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German Shepherds are some of the most popular dogs in the world. As a working breed, you may know them as police and military dogs, but they can also be used as search and rescue dogs or as service animals. German Shepherds are most known for their strength and loyalty, and they can make great family pets for pet parents who love large breeds.
Often intelligent, brave, and confident, these dogs are protective family pets who can make ideal companions for families, but their defining characteristic is their loyalty. Wondering if a German Shepherd is the right dog for you? Keep learning to read more about this courageous breed.
- History & Origin Of German Shepherds
- Physical Attributes
- Behavioral Characteristics
- German Shepherd Care
- Is A German Shepherd Right For Me?
- Final Notes
History & Origin Of German Shepherds
German Shepherds are herding dogs originating in the late 1800s when cavalry officer Captain Max von Stephanitz decided to develop the ideal herding dog.1 Before this, German Shepherds varied in appearance and type. These dogs were bred to protect flocks from predators and herding sheep; they were not considered companion animals and instead served farmers.2
German Shepherds were valued for their intelligence and strength, and the Phylax Society was formed in the late 1800s to create a standardized herding dog.2 Unfortunately, the Society only lasted for a few years. However, others continued to standardize the breed, which resulted in the creation of the German Shepherd as we know it today.
Over time, the predator population declined, and herding dogs were no longer necessary. However, many farmers started to realize how intelligent their dogs were. Captain Max von Stephanitz admired these dogs and purchased a German Shepherd when attending a dog show in 1899 before founding the Society for the German Shepherd Dog.2
This dog, later named Horand, was the product of generations of selective breeding and became the first German Shepherd added to the registry. Horand was the ideal German Shepherd and became the breed standard while fathering many pups of his own as von Stephanitz spent the next few decades refining the breed.1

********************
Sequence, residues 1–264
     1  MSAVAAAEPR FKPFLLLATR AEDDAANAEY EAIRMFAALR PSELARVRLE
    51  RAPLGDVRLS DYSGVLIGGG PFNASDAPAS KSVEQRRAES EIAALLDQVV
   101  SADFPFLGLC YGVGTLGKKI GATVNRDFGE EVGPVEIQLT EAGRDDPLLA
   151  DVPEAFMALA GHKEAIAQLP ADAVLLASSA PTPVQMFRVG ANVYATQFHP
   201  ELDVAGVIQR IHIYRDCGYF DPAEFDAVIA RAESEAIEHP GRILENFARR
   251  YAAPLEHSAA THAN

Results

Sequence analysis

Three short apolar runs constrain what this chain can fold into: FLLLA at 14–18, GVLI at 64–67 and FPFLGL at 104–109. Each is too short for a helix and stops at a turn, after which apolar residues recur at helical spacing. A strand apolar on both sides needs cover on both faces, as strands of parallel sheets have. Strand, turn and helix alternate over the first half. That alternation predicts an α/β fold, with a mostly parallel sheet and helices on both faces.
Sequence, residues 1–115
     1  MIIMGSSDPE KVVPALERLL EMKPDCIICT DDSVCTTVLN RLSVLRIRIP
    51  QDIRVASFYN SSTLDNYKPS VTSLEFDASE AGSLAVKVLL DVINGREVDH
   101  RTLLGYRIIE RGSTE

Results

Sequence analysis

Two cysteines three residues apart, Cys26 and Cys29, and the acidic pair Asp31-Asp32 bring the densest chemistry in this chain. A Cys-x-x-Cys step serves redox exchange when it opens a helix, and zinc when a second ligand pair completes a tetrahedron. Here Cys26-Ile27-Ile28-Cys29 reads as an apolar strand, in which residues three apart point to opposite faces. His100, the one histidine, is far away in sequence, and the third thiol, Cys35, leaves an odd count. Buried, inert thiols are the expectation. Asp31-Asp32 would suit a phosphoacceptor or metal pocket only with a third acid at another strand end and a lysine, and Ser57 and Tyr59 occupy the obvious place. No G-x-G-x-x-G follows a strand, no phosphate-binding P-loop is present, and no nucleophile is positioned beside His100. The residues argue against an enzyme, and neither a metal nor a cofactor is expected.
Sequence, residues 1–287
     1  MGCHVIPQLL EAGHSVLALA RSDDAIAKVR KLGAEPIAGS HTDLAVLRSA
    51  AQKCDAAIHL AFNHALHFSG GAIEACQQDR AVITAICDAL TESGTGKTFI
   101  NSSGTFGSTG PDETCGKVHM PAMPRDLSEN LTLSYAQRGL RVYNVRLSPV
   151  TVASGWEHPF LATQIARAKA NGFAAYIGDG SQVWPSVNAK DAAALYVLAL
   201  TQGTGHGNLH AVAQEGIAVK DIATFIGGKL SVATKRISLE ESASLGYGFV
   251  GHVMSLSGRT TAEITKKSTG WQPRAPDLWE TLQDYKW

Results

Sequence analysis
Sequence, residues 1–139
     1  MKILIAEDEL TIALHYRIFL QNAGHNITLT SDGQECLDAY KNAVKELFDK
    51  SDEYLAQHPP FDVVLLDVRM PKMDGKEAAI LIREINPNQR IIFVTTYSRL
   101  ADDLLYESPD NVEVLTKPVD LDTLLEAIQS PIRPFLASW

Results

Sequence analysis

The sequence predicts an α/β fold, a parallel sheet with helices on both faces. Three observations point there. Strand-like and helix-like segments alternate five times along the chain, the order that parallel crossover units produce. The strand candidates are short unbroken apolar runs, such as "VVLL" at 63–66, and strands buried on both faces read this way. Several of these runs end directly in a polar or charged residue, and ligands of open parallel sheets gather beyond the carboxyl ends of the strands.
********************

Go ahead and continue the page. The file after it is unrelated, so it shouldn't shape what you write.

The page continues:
German Shepherds are considered large dogs. Their height ranges from 22-26 inches, with female German Shepherds being a few inches shorter. They can weigh anywhere from 50-90 pounds and have a life expectancy of up to 10 years.1 Of course, a German Shepherd's lifespan may vary depending on their overall health.
This breed is highly recognizable for its wolf-life appearance and brown and black coloring. However, they can come in many colors, with the standard German Shepherd colors ranging from black to white. However, the white German Shepherd is relatively rare compared to the black German Shepherd.1 This breed has long, bushy tails and blanket markings across the back. They have medium-length dense double coats, thick undercoats, and alert, upright ears. However, they're born with their ears down, but they eventually stand up by the time they're six months old.
As a working breed, German Shepherds are highly trainable and obedient. However, they're high-energy, so even though they're eager to please, they still need basic training to prevent destructive behavior.
Since they're a large breed, they can easily knock children over, but often get along well with little ones. Still, you should monitor their behavior with kids, since something as simple as a tail wag can be dangerous since they're so powerful.
That said, German Shepherds are incredibly affectionate and love spending time with their pet parents.1 However, they're not always good with other dogs, so they'll need socialization early to prevent fearfulness and anxiety. Socialization at a young age can give your dog the confidence they need in new situations while preventing reactivity, such as barking, lunging, and even biting.
Remember, these dogs were bred to protect livestock, so they're vigilant and protective. They'll alert you when strangers are around and react to potential threats.
Unfortunately, German Shepherds aren't the best apartment dogs because of their size and activity level. As a working breed, they won't be happy being couch potatoes, so they'll need plenty of exercise.1 They also make great running dogs because they love spending time outdoors and require vigorous daily exercise. Additionally, these dogs need tons of space to run and play, so it's usually best to provide them with a large backyard and plenty of adventures.
German Shepherds are loyal and eager to work, requiring lots of attention and mental stimulation. If your dog doesn't have a job, consider finding activities to train their minds and prevent boredom. For example, agility training and nose work are ideal for German Shepherds because they have powerful senses of smell and love being active.
German Shepherd Care
German Shepherds are a strong breed, but they're still prone to certain health conditions. While no breed is free of hereditary health problems, your breeder or the rescue where you adopt your pet can tell you about their health history to help you make the best medical choices for them.
Some of the common conditions German Shepherds are predisposed to include the following:
- Bloat: Bloat is an emergency medical condition that occurs when the stomach fills with air and pressure stops the blood flow in the hind legs and abdomen from returning to the heart.3
- Degenerative myelopathy: Degenerative myelopathy is a spinal cord disease that causes muscle weakness and loss of coordination.4 This inherited neurological disease can’t be cured, but physical therapy may help prevent muscle weakness.